On Wednesday, U.S. House Speaker Paul Ryan directly questioned the integrity of President Trump’s claims that a far-reaching federal law enforcement conspiracy placed a “spy” in his campaign for “political purposes.” The president demanded repeatedly over Twitter that the Justice Department inquire into the so-called “Spygate” scandal.
Mr. Ryan is the highest-ranking Republican to contradict the president on the issue, siding with Representative Trey Gowdy, the South Carolina Republican Congressman who led the investigation into the 2012 Benghazi attacks.
“Chairman Gowdy’s initial assessment is accurate, but we have more digging to do,” Mr. Ryan told reporters at a news conference on Wednesday.
In the same statement, Mr. Ryan suggested that he may not approve of the White House’s posturing regarding special counsel Robert Mueller’s investigation. When asked whether he believed President Trump had the power to pardon himself if convicted of a crime, the House Speaker responded, “I don’t know the technical answer to that question, but I think the obvious answer is that he shouldn’t, and no one is above the law.”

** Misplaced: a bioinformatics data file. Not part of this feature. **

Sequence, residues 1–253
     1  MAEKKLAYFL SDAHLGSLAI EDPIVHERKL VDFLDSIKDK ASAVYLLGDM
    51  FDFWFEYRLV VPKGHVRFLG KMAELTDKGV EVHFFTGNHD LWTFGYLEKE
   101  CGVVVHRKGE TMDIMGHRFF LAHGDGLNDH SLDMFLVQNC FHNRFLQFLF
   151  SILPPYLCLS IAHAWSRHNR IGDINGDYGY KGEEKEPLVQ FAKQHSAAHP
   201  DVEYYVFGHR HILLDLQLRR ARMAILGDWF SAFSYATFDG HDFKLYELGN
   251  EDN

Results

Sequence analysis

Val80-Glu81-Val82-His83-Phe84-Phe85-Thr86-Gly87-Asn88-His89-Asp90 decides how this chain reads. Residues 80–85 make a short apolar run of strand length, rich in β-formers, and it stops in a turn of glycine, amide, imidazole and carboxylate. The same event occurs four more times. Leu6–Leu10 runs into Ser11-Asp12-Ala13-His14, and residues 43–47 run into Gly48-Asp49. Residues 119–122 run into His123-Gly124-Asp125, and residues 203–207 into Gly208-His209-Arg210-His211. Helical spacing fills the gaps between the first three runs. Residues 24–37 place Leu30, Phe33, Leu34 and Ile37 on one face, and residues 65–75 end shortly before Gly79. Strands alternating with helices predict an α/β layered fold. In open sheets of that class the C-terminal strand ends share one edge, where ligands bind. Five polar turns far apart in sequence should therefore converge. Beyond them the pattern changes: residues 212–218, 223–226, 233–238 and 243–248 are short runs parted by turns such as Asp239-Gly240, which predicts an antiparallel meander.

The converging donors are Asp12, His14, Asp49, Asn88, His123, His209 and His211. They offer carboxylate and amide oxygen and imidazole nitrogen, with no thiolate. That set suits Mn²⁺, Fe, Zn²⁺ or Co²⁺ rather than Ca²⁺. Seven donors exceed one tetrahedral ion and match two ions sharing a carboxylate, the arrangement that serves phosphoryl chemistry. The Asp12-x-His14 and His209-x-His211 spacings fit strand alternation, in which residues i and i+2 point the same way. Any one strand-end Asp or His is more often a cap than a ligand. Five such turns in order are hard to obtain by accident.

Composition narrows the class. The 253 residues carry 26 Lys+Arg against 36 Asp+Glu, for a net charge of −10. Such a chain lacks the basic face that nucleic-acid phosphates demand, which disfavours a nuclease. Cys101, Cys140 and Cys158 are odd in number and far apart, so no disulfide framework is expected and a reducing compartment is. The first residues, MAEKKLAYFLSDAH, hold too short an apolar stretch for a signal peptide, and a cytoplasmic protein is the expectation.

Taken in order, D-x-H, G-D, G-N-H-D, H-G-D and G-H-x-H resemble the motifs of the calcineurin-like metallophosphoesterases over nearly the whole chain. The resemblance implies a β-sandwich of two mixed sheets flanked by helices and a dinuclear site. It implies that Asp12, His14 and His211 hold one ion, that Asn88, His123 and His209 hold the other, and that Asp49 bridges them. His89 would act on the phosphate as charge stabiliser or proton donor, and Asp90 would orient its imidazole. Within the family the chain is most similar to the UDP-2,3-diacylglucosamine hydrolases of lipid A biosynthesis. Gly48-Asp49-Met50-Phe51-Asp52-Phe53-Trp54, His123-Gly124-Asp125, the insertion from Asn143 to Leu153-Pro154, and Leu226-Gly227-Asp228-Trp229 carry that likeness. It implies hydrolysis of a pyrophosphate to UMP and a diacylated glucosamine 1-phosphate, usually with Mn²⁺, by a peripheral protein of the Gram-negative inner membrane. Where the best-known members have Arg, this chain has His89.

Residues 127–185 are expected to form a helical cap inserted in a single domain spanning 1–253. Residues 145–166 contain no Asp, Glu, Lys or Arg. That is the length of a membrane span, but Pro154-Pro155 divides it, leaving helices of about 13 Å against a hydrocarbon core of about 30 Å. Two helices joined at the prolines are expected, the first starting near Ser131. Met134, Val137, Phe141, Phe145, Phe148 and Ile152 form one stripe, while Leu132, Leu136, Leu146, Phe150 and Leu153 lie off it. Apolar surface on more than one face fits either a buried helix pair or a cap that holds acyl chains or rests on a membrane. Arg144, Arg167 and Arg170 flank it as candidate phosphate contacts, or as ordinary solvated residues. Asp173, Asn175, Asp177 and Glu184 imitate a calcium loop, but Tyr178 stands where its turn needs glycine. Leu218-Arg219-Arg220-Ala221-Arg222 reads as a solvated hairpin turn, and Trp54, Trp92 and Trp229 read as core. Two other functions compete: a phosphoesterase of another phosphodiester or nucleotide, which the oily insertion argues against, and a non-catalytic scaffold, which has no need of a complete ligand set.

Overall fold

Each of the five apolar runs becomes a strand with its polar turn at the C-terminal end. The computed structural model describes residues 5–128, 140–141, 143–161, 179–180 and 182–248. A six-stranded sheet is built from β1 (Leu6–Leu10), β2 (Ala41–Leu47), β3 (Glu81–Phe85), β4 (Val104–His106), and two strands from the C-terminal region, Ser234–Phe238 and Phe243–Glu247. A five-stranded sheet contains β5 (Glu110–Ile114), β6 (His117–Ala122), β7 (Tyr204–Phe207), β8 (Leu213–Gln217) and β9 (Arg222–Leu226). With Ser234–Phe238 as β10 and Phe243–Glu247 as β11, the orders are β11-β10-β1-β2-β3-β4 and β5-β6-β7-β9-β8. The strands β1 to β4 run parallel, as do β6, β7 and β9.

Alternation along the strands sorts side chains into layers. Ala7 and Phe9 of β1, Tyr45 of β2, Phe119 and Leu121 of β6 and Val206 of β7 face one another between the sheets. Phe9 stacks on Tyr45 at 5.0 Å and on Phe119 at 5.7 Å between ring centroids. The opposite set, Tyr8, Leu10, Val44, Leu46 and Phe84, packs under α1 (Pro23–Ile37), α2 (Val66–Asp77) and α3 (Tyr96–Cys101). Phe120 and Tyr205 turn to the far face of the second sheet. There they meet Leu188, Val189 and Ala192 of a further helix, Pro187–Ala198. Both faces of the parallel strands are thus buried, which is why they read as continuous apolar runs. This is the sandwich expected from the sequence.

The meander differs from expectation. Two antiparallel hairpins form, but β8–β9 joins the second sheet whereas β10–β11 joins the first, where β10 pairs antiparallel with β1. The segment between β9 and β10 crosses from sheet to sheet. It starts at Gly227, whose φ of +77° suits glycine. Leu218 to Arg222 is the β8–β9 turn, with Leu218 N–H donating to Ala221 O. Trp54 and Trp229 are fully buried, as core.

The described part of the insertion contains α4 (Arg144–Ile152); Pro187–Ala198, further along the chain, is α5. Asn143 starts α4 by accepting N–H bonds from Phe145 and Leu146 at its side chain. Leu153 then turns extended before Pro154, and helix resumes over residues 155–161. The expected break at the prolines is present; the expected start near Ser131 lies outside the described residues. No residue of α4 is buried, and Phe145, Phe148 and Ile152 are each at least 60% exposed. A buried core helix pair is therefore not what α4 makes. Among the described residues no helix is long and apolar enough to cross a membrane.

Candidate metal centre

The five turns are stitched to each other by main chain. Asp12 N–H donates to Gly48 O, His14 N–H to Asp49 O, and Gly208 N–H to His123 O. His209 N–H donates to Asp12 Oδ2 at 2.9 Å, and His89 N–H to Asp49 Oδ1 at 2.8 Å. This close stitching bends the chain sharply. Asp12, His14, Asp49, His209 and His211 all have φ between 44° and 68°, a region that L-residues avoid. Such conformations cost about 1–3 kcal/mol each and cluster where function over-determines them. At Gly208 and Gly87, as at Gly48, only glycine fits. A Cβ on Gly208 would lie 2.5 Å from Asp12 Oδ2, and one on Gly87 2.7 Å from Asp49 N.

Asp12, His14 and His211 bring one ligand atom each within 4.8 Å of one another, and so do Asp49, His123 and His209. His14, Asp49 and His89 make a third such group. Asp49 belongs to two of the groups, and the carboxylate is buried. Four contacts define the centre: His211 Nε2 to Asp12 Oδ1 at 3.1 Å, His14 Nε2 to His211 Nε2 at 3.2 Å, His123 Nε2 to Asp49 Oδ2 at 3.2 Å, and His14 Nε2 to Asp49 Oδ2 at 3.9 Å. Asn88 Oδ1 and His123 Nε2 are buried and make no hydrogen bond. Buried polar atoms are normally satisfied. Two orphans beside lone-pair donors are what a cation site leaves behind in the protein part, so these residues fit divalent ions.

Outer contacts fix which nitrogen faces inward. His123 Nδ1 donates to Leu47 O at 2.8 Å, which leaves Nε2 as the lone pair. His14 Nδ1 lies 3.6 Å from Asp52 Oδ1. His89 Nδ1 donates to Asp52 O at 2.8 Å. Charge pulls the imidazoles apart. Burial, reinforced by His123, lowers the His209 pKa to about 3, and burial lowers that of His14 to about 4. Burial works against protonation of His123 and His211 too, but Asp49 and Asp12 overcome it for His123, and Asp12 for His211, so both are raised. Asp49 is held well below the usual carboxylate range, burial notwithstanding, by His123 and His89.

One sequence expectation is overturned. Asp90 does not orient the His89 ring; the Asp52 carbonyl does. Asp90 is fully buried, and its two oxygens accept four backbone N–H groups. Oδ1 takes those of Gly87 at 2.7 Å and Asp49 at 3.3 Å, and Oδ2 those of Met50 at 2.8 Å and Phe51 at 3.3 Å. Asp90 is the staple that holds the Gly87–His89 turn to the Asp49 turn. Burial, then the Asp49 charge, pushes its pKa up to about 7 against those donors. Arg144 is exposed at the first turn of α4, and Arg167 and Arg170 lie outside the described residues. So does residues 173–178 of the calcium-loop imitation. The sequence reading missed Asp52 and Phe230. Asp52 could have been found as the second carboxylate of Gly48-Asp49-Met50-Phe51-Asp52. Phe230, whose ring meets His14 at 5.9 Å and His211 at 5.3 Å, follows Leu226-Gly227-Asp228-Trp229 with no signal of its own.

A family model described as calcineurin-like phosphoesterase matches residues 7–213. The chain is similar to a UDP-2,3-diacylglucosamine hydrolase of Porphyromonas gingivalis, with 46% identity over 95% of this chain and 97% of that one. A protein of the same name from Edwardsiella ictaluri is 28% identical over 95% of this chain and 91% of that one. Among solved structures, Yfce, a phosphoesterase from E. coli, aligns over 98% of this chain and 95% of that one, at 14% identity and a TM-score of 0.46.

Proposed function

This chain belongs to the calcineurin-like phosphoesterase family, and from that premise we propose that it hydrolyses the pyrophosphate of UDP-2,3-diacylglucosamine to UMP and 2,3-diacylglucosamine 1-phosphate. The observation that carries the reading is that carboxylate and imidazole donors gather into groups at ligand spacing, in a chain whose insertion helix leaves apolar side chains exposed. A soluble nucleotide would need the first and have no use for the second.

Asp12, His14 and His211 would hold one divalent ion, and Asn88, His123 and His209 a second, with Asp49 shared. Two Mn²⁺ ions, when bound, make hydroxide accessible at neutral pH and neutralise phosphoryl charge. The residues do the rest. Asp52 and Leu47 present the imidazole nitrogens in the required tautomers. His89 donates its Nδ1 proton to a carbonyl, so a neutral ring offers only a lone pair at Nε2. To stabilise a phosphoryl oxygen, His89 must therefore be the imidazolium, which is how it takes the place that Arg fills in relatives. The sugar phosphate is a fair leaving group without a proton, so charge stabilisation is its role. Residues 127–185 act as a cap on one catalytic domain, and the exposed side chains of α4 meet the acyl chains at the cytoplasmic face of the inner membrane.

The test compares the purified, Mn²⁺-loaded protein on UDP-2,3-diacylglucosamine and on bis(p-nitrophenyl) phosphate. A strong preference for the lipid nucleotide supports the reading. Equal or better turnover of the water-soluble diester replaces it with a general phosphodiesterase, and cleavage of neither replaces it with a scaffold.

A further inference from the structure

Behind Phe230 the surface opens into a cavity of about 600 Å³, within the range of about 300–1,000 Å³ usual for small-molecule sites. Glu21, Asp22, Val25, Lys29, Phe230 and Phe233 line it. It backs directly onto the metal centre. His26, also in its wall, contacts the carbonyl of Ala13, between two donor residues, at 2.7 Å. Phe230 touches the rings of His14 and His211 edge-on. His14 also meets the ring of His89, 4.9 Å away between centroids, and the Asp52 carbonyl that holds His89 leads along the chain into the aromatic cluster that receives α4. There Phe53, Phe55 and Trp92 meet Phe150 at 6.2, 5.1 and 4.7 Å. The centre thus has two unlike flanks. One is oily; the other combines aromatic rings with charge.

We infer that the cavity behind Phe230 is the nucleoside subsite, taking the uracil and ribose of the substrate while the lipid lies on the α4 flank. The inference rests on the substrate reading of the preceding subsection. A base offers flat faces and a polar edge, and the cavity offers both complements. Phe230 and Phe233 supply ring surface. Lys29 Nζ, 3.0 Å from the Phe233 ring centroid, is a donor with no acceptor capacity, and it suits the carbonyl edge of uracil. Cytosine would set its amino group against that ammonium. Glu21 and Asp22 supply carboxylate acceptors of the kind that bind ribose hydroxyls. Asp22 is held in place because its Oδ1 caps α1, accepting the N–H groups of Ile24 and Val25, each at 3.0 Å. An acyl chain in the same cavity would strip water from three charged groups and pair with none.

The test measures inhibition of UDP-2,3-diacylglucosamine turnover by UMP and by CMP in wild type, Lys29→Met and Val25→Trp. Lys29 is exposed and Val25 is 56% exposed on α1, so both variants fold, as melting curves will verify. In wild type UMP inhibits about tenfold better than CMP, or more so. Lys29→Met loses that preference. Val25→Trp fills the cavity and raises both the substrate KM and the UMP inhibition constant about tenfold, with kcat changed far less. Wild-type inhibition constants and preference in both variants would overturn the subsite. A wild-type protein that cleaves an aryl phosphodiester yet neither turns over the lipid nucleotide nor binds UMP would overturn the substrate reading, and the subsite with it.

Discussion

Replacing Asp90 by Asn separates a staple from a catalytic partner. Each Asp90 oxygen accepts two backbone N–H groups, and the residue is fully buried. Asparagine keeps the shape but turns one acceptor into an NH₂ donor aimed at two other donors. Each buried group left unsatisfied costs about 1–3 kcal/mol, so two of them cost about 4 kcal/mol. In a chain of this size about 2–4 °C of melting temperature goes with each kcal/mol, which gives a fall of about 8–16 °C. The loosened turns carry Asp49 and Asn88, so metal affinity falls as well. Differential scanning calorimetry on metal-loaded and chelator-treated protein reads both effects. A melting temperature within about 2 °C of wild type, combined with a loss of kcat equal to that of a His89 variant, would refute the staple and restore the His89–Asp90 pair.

Civics Lesson: Speaker of the US House of Representatives
Article I, Section 2 designates the Speaker of the House as the presiding officer of the United States House of Representatives, established in 1789. The speaker is the de facto leader of the majority party in the House of Representatives, as well as the institution’s administrative head. Although the Constitution doesn’t require the speaker to be an elected member of the House, every speaker to date has been. In addition, the speaker is second in line to presidential succession after the vice president.
Photo: U.S. House of Representatives in 1906. Photo credit: Everett Historical / Shutterstock
The New York Times reports that a rift between Mr. Ryan and the president may be growing, as this isn’t the first time the two personalities have been at odds. Despite numerous policy achievements under the Republican-controlled White House and Congress, including the $1.5 million in tax cuts approved this year, it seems the two continue to clash. Mr. Ryan announced in April that he will not be running for re-election, and he has contradicted the president on issues ranging from protectionism and party inclusivity to the ongoing Russia investigation.
But it isn’t just Ryan. The day before the House speaker made his statements about the president’s moral obligation to refrain from “self-pardoning,” Senate Majority Leader Mitch McConnell said that the president “obviously knows [self-pardoning] would not be something that he would or should do.”
It’s yet to be seen how deep this divide between Republican Congressional leaders and the White House may become.